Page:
The primary threat to the United Kingdom and our interests is not direct attack or invasion by other states but terrorism, cyber and hybrid warfare. The Government has an overriding duty to make the best possible provision for defence against these new threats.

At the same time, we must also keep these threats in perspective. Creating a climate of fear helps terrorists, unnecessarily curtails freedom and diverts disproportionate resources from other areas. Less than 100 UK citizens have been killed by terrorists in the last 20 years; and more than 1,500,000 have died prematurely from smoking, with tens of thousands more linked to air pollution in our towns and cities. So far over 125,000 have died directly from COVID-19 and many thousands more indirectly. We understand that defence is about saving lives but many of the actual threats we need to address cannot be dealt with by military force.

Cyber threats are very real and actual attacks are happening, many more are being planned or seeded in computer systems. Challenges to our democracy, values and way of life are increasingly common and must at all costs be defeated by appropriate means.

Along with a complete overall of the armed services, we will unilaterally abolish the UK’s nuclear weapons. Nuclear weapons are dreadful, their use would cause inconceivable death and destruction – there are no circumstances in which we would “press the button.” 

The Peoples Party will:

  • appreciate that the nature of the threat and the type of defence required has fundamentally changed in the last couple of decades. Generals nearly always prepare to fight the last war, we must provide a better defence now by focusing on today’s and tomorrow’s threats.
  • create a unified Royal Defence Force (RDF), merging the Royal Navy, Army and Royal Air Force, with the primary objective to protect against terrorist threats, cyber attack and large scale organised criminal activity.
  • cut traditional defence expenditure dramatically to £2bn
  • support efforts to deliver a world without nuclear weapons. We believe that far from making us and the world safer, nuclear weapons and their potential use by terrorists or their accidental use by a nuclear state, is one of the biggest threats we face. The traditional deterrence argument for the possession of nuclear weapons no longer applies. We believe that given the dreadful consequences of using nuclear weapons, there are no circumstances when they can rationally be employed. Terrorists are not deterred and rogue states must be tackled by other means. Hence we will decommission Trident and stop its replacement. We will redouble efforts to stop nuclear material getting into the hands of terrorists and rogue states.
  • concentrate on the development of small special forces units within the RDF and MI6 designed to undertake continuous worldwide operations against terrorists or states that sponsor terrorism. These forces will be superbly equipped and will undertake largely covert operations against threats and potential threats. In particular, we will use information and cyber warfare technologies to defeat and frustrate potential threats, while at the same time protecting the United Kingdom from cyber counter attack. We will proactively hack the hackers.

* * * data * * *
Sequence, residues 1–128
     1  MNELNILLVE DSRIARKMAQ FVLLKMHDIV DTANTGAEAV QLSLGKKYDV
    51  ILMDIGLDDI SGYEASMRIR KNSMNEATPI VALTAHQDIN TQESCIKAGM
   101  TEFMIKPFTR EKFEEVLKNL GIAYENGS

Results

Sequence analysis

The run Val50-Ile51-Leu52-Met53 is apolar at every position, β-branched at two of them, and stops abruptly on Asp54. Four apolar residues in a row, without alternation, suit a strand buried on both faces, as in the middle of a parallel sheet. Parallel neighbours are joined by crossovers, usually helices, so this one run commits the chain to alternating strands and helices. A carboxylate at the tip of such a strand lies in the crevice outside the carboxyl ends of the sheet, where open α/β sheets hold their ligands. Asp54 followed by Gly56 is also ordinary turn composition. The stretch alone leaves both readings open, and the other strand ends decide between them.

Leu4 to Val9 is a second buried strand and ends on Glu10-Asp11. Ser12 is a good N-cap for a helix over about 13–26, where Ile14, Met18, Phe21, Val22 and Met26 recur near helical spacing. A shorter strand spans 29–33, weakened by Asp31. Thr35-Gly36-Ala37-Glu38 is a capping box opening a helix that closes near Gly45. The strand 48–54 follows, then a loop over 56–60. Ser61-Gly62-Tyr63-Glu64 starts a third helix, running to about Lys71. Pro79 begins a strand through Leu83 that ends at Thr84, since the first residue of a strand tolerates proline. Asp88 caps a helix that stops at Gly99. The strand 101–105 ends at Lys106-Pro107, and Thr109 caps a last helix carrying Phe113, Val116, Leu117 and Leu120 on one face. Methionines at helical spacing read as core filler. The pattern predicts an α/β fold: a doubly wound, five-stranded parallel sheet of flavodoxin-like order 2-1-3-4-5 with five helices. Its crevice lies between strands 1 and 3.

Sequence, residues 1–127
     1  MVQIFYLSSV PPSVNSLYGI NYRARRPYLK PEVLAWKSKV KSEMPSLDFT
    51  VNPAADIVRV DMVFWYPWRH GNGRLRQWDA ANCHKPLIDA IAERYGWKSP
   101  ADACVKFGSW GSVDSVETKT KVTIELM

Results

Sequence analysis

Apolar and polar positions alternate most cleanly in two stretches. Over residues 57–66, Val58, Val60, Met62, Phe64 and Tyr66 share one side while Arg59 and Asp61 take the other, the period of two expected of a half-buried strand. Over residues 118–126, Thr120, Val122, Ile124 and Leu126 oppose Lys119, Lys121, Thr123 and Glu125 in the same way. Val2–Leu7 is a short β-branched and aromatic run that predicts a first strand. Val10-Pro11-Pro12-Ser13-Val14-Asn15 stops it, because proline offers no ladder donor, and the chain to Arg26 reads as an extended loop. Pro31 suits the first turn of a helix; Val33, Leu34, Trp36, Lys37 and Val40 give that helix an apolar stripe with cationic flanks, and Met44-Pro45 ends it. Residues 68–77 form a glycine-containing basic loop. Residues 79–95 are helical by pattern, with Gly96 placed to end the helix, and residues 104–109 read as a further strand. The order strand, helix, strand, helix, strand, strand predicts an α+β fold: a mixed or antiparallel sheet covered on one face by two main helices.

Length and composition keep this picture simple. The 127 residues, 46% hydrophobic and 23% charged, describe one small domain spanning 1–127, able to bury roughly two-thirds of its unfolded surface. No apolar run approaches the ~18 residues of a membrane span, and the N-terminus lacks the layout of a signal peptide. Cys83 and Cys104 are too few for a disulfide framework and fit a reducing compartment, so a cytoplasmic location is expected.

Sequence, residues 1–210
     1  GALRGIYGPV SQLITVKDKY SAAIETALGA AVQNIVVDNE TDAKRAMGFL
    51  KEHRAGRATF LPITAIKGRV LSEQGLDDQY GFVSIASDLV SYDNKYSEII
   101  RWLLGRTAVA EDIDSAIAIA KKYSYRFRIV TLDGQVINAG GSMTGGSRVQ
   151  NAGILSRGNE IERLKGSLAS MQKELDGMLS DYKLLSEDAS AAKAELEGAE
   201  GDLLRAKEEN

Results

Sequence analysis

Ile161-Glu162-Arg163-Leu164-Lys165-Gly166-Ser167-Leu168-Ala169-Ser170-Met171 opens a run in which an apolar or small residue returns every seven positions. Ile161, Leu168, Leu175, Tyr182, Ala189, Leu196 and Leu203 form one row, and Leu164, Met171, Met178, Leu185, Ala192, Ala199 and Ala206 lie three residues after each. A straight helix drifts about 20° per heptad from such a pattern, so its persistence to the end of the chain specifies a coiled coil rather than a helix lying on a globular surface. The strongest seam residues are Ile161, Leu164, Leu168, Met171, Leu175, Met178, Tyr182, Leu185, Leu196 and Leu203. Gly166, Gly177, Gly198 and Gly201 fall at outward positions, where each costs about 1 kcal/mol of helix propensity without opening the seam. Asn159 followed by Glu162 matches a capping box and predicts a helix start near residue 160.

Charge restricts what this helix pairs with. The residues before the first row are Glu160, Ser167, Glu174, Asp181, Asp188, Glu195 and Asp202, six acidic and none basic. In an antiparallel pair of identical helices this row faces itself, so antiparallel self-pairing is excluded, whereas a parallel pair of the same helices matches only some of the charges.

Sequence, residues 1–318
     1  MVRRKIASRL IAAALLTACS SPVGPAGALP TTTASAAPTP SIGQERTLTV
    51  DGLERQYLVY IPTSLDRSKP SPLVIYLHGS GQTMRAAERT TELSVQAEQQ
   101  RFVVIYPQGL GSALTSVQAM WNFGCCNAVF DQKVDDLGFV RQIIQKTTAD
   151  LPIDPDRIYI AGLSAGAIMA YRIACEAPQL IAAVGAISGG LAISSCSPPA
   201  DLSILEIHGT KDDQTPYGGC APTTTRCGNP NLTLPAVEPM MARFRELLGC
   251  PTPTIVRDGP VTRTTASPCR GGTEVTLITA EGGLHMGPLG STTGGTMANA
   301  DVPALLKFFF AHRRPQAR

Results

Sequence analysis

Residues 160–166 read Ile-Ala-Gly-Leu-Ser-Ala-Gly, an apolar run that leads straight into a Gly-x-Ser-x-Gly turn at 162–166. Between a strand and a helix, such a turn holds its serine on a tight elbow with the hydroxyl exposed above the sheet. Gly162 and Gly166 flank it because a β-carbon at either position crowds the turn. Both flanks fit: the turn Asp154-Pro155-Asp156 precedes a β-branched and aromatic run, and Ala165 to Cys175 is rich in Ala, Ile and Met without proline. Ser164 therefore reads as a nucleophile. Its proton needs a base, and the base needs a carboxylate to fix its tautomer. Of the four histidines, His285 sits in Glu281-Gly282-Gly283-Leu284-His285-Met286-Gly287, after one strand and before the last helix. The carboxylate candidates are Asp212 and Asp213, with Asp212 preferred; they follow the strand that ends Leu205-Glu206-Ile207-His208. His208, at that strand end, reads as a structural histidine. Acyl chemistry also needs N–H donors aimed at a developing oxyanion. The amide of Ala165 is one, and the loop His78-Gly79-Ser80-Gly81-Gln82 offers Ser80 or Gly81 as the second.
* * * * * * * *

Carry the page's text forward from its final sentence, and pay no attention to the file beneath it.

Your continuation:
• double intelligence and technology expenditure to £4bn.
  • ensure that sufficient funding is allocated to civil defence equipment, in particular the provision of PPE, vaccines and medicines.
  • not look for “enemies” but seek to build relationships, seeking to understand the causes of tensions, defusing them where possible.


The age of wars between states, with formal declarations of war, decisive battles and subsequent peace has gone. The new warfare is a continuous conflict, often against an enemy that does not possess a large military machine but determined fanatics potentially armed with the most terrible weapons.  The struggle is one with no rules and no scruples. Terrorism by its very nature seeks to target ordinary people and require governments to establish security measures that inconvenience the vast majority.  In this, it cannot be allowed to succeed. It is vitally important that anti terrorist measures do not in themselves help achieve terrorist goals.  The solution is to concentrate defence resources to specifically target those people or groups who are suspected of terrorism. 

The resources that the UK can devote to dealing with terrorism are far greater than any terrorist group or rogue state can muster, but it is vital that these are used effectively and decisively. There must be a willingness to fight using what ever methods and resources best deliver results.

The nature of weapons of mass destruction, in particular biological and nuclear devices, mean that it is sensible to plan on the basis that it is only a matter of time before a terrorist group is successful in an attack. An essential element of defence is to ensure that, as far as possible, the casualties from such an attack are minimised.

The threat from cyber warfare is a clear and present danger. Enemies include states, proxies for states, terrorists and criminals. We must do all that we can to stop the intrusion of hackers into public life – government, business and infrastructure – as well as the affairs of private individuals.

Defence is not a matter of emotion and sentiment, but is literally one of life or death. Hard decisions must be taken that will fundamentally alter the current nature of the three armed services.  For example, the terrorist threat does not require fighter aircraft, tanks and armoured fighting vehicles or warships and submarines. Resources spent on personnel and equipment that are not essential to the defence is not only money wasted, but undermines efforts to focus on and eliminate real threats. With the right decisions it is possible to secure far greater effectiveness against threats with drastic reductions in defence expenditure.